From First Impressions through Reflection to Fulfillment
Author: Dan Jones, VOICES Peer Mentor & Expert Citizen
A Journey from Volunteering to Higher Education
“Am I in the right place?”
“OK – I’ll give it a go”
My first day at University
These were my first thoughts. I was at University because I am a volunteer Peer Mentor in the VOICES partnership and had been provided with the opportunity of completing a level 3 Peer Mentoring qualification which meant that I needed to attend university for 6 weeks. I felt, at first, that I was doing it for VOICES, not for me – ‘a bit of an obligation’. I thought of the course as being ‘separate’ from my mentoring. I was just an addict who, through some miracle, had gotten clean and could provide some visual recovery to others whilst the professionals did the important work. When I arrived on my first day I was made to feel very much at ease by the two course tutors whom I soon felt comfortable with. They introduced themselves and began to give an overview of what we would be doing on the course; what we would achieve together; what it was all about. My defences began to come down and I felt clear-minded. I even thought, “I will enjoy this”. I left that day with a clear idea of what was involved, comfortable with the people I would be working with and, most importantly, I had a goal! My goal was to complete the course – because it had been explained to me and ‘broken down manageable chunks’ I felt that I actually could compete the course and achieve the qualification. So – all in all – it was a pretty momentous day. Throughout my life I had always wanted to study, but hard drugs and the lifestyle that goes with it always had a hold over me and I never felt good enough to apply. I watched some of my childhood friends go into higher education and can remember myself thinking, “Why can’t I do that?” …but I never did.
“It was a dream that never left me”
The Learning Journey
Over the next few weeks I learned a huge amount of stuff about mentoring; about the people doing the course with me – students and lecturers – and, ultimately, about myself.
Reflection: I learned about the importance of reflection and how to get the most out of it, for example, by keeping a journal in a timely fashion and to value the process. When I was using drugs I spent a lot of time ‘living in my own head’, overthinking and worrying; anything to escape reality and myself. On this course I learned how to reflect on things and how to learn from them constructively. Through practice, reflection has become a very useful tool to me and one that I highly value.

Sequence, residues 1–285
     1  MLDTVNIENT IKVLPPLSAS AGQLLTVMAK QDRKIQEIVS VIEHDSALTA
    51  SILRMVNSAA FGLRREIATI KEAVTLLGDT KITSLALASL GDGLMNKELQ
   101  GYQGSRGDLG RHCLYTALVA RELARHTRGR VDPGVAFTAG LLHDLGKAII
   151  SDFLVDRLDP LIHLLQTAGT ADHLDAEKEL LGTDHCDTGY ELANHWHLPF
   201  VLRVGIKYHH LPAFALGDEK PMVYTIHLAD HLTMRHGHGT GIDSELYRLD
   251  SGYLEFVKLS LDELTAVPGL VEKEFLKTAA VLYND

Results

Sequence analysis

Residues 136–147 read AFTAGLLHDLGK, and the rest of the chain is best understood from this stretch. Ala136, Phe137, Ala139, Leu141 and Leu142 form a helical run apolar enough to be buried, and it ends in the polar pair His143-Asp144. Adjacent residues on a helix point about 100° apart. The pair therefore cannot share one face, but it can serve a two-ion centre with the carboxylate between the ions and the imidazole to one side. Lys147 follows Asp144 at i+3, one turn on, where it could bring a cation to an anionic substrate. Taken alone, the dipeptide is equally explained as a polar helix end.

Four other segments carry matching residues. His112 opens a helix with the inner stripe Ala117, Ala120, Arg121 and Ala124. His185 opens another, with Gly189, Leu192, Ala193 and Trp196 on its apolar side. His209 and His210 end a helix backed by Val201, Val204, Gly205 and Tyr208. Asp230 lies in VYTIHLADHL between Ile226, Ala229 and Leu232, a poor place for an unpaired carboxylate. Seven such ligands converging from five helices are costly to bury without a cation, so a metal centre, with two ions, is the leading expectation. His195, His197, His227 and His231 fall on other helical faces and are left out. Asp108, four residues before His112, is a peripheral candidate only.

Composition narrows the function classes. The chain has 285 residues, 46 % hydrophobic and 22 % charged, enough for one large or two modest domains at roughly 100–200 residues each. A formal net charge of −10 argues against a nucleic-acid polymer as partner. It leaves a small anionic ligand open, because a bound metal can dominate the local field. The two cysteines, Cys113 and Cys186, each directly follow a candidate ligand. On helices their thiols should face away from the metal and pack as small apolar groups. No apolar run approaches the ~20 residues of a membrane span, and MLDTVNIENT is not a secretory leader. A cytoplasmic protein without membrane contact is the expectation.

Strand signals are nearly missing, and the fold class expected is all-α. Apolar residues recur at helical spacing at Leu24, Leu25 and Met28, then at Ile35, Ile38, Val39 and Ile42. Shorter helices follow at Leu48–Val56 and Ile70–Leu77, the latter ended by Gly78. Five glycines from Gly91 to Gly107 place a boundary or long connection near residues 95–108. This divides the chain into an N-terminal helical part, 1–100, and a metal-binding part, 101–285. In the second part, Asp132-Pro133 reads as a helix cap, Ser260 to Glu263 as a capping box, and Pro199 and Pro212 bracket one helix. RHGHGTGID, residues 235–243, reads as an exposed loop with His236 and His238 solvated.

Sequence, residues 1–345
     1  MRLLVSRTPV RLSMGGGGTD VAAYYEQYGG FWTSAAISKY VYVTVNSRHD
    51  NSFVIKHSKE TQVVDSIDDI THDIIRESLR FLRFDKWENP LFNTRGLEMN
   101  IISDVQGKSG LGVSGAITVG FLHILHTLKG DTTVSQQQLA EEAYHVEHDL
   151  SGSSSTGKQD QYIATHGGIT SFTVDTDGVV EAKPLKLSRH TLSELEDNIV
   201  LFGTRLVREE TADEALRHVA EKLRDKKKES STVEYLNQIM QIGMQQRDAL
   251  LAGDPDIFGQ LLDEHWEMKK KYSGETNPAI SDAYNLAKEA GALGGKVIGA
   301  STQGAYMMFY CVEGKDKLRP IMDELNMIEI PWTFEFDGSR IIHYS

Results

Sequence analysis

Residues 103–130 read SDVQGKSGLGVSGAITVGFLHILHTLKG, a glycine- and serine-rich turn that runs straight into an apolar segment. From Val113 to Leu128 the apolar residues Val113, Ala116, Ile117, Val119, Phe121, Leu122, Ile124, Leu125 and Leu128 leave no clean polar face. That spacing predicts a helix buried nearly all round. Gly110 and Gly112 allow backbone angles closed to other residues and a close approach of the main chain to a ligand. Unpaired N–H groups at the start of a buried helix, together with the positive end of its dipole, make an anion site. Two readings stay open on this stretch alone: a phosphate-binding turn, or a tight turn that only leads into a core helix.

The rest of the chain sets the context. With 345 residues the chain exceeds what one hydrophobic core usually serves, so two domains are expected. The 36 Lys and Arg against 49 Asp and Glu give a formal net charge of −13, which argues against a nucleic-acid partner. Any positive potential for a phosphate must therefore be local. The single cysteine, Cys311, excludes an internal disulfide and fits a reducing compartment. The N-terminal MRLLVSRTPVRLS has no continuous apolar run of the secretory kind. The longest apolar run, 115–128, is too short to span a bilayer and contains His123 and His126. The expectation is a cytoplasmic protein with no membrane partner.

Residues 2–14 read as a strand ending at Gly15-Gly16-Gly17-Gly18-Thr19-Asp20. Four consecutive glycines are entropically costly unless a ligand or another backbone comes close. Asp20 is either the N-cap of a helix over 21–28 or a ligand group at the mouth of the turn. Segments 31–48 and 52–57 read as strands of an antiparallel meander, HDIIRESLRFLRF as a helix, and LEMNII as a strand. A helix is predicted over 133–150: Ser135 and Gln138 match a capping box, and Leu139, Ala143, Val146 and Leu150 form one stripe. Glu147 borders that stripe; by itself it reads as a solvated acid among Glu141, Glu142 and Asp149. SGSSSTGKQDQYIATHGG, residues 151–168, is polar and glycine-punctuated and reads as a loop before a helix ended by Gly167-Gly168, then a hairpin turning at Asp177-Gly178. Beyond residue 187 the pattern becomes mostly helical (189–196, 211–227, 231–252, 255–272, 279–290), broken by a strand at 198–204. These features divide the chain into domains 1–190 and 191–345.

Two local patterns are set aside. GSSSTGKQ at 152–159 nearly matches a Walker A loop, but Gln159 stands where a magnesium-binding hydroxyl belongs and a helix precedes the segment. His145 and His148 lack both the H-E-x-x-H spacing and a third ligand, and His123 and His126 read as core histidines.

Communication: I also learned a lot about communication; knowing how to communicate effectively with another human being and not only in a mentoring role. Again – another really wonderful tool for me to use.
Space: I learned to value my own space and how to help others to become aware of their own space, both internal and external; how not to encroach – something that made a huge impression on me. I took a lot from learning about unconditional positive regard – an integral part of mentoring; a tool to create space. This is something I have found to improve my mentoring but also something that I now practice with myself. I am now both more comfortable with myself and others as a result.
These three things were huge breakthroughs for me and that is why I have mentioned them first. But I value everything that I have learned on the course. It was very holistic and I feel that, everything taken together, increased my confidence in myself as a Peer Mentor – gaining insight and knowledge, but also having a framework and structure to work from. We learned a lot.
Looking back over the course and thinking about how I feel on that first day, I am extremely touched by the process of learning, not just about Peer Mentoring, but what I have learned about myself – two things that are interlinked but not mutually exclusive. I felt that I had actually received a lot of mentoring on the course; this gave me a deeper understanding about myself and real appreciation about what Peer Mentoring is – both formal and informal. I gained confidence, feel better qualified to continue mentoring and also have a desire to learn more. This includes embarking on further higher education – something that I had denied myself through addiction.
I started this course off thinking I was ‘doing it for VOICES’, but came to realise that, not only was I in the right place, but that I was doing it for me. “Immensely fulfilling!!!”